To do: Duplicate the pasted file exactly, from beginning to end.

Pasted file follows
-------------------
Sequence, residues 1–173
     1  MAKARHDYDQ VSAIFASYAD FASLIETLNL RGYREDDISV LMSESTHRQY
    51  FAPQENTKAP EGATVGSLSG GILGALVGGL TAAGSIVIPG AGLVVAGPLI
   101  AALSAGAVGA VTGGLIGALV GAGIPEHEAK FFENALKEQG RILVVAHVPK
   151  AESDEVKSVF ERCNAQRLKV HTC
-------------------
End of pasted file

Sequence, residues 1–173
     1  MAKARHDYDQ VSAIFASYAD FASLIETLNL RGYREDDISV LMSESTHRQY
    51  FAPQENTKAP EGATVGSLSG GILGALVGGL TAAGSIVIPG AGLVVAGPLI
   101  AALSAGAVGA VTGGLIGALV GAGIPEHEAK FFENALKEQG RILVVAHVPK
   151  AESDEVKSVF ERCNAQRLKV HTC